Child Utterance RelationsChild Utterance Relations             The above images display a scatter plot of my corpus’ word data created using the Voyant platform. The above visualization breaks down the 1000 most frequently used words from my corpus and then break them into clusters by relative usage (displayed via different colors). These different nodes are then placed on a plot in relation to each other based off of their relative use and connections within the text. This visualization is novel in its ability to display the interconnected nature of early speech sentence structure. All spoken utterances are cleanly related to their counterparts, branching off into three separate off-shoots from the main base of language. What surprises me the most about this visualization is how clean this relation is, and how geometric it is as well.

 

Word Cluster

family relation

The above visualization was created using the Jigsaw platform. The main take-away that this visualization presents immediately is the direct relation between words of urgency and between utterances of “mommy” or “daddy”. While this may appear obvious from a distance, seeing these rather dissimilar words that merely share the trait of urgency all having higher frequency of relations to utterances for parents is very interesting. As well, the sheer number of utterances of “mommy” compared to other types of names or actions is quite interesting to behold.

The obvious difference between the Voyant and Jigsaw platforms is in the way each handles the data that it processes. Voyant is more interested in word frequencies and relative originality of individual terms while Jigsaw is more focused on putting context into the words that it is given by dividing them into entities for analysis. Because of the nature of this context-based approach, Jigsaw isn’t very useful for large-scale text files that haven’t been properly parsed yet. For instance, Jigsaw is quite good at reading books or formal reports because of the way in which subjects are formatted and displayed within the texts. But for my corpora, I have a very large number of spoken utterances by children which aren’t always as syntactically literate as these. Because of this, I was tasked with defining my own set of entities based off of the components of my text that I wished to explore. Some examples of entities that I used are different pronoun forms, family members, and words of urgency. From there, I was able to make connections between these various groups using Jigsaw’s extensive document analysis and clustering tools. Voyant doesn’t allow you this much specific control. But, where Jigsaw succeeds in entity and core analysis, Voyant makes up for in large text analysis. Using Voyant I was able to make over-arching analytical conclusions about word usage which isn’t as clear when using Jigsaw. Both platforms are quite extensive in their offerings, as long as the data you are working with is tailored to what each platform provides.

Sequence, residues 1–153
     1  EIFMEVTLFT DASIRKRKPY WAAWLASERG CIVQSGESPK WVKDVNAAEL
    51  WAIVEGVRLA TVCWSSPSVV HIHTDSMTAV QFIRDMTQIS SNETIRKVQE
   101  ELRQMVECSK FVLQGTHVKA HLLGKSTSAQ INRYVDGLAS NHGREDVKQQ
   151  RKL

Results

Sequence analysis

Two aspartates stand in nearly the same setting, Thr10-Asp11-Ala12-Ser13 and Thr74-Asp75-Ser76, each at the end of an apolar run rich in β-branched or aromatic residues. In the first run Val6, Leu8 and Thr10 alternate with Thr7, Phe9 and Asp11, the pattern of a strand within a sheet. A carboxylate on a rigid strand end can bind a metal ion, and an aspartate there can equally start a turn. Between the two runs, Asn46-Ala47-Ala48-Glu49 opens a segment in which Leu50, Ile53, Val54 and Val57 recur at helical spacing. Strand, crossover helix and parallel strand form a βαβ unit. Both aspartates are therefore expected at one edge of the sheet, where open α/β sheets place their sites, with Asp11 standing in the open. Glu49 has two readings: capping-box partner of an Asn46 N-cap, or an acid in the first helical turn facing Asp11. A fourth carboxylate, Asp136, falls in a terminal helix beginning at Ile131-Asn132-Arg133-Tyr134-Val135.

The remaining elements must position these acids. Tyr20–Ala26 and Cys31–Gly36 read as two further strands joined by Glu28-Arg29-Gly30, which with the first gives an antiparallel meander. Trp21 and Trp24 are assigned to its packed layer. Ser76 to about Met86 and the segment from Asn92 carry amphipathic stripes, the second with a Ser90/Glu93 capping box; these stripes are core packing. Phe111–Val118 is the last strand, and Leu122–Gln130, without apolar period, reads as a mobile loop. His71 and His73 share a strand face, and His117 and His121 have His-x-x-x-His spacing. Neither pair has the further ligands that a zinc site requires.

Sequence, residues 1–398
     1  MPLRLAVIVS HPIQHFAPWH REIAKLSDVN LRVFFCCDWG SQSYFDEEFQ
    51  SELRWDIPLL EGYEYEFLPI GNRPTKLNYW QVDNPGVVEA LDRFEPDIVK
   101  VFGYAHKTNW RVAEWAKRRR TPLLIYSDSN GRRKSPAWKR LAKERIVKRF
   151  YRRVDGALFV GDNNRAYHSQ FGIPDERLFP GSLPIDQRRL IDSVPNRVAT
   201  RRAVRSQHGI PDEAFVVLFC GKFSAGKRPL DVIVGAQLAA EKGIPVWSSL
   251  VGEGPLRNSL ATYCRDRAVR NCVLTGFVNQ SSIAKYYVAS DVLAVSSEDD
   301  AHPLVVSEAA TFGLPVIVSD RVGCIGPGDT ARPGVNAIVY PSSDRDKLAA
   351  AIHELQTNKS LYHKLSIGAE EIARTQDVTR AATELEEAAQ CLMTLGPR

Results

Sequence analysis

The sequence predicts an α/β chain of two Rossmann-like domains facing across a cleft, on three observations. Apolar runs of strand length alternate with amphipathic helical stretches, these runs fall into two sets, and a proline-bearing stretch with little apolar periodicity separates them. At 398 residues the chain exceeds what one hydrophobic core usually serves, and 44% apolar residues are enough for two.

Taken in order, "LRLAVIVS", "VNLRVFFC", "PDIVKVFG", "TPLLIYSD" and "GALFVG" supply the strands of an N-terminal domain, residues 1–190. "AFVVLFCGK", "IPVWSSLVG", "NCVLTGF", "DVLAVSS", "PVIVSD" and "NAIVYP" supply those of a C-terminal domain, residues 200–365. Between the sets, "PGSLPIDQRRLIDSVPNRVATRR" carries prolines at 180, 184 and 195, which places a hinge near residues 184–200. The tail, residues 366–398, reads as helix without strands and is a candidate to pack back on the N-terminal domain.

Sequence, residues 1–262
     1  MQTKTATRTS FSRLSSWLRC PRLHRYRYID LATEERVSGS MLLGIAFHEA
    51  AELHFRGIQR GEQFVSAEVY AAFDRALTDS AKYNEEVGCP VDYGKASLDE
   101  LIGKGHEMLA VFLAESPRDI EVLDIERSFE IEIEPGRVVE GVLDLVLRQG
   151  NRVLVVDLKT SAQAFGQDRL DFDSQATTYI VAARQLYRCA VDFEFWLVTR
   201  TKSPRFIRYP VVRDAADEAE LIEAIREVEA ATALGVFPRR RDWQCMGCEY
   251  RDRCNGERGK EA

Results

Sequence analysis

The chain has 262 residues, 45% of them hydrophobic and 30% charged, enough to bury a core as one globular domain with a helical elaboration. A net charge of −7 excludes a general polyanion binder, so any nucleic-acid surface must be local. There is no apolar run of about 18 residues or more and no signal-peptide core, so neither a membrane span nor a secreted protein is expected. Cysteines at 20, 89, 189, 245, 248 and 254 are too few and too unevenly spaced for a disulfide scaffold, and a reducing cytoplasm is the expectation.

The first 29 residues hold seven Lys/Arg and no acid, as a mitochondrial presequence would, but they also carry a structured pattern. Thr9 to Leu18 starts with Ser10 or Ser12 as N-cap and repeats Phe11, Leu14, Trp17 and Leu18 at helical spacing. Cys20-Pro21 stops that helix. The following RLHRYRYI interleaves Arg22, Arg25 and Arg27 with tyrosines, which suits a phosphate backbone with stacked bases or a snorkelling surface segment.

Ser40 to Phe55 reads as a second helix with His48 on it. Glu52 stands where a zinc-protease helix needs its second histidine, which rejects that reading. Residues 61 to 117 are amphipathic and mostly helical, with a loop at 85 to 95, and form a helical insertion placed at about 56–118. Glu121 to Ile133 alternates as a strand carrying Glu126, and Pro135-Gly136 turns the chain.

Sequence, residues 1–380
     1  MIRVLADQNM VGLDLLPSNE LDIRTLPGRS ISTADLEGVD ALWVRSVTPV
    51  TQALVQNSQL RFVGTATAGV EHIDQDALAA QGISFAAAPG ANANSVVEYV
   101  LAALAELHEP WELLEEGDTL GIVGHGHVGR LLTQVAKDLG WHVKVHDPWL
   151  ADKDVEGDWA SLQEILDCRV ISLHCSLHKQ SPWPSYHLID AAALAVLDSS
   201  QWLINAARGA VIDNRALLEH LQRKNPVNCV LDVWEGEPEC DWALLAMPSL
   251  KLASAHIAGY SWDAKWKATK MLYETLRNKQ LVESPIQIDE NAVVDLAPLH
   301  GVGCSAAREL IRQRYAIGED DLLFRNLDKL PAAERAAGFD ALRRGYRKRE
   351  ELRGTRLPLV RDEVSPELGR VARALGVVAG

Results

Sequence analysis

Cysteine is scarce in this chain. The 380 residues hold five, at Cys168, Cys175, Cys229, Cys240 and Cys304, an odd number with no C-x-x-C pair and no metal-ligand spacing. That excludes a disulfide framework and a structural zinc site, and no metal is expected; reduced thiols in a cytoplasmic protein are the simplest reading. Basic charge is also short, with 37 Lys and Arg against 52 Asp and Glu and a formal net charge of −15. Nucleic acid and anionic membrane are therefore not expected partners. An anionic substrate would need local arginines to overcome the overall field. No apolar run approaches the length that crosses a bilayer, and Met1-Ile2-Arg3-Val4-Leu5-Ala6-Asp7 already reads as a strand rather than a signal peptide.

The creation of this corpus, as well as the process of analyzing it with these two similar yet disparate platforms has yielded an interesting insight into what Clement was trying to get at in her piece on Analysis and Visualizations. On one hand, these images in front of me are displaying concrete information which was gathered from valid sources for analysis. Yet, all of this visualization is taking place in a completely virtual environment. None of it is physical, unless it were to be printed out or written down manually. This incongruity is interesting in the fact that it gives the researcher a reminder of the constraints of a virtual analysis process, while also appreciating that without the humanistic element to the analysis, no real conclusions could be drawn. We are simultaneously working as humanists and computer scientists in these moments, and are capable of making connections that neither could do alone.